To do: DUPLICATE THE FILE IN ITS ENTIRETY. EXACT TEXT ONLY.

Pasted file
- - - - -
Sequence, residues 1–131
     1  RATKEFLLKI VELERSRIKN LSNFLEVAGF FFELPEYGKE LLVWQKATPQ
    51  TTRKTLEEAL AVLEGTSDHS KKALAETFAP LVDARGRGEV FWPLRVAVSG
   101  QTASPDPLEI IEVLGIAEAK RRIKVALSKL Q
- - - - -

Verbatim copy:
Sequence, residues 1–131
     1  RATKEFLLKI VELERSRIKN LSNFLEVAGF FFELPEYGKE LLVWQKATPQ
    51  TTRKTLEEAL AVLEGTSDHS KKALAETFAP LVDARGRGEV FWPLRVAVSG
   101  QTASPDPLEI IEVLGIAEAK RRIKVALSKL Q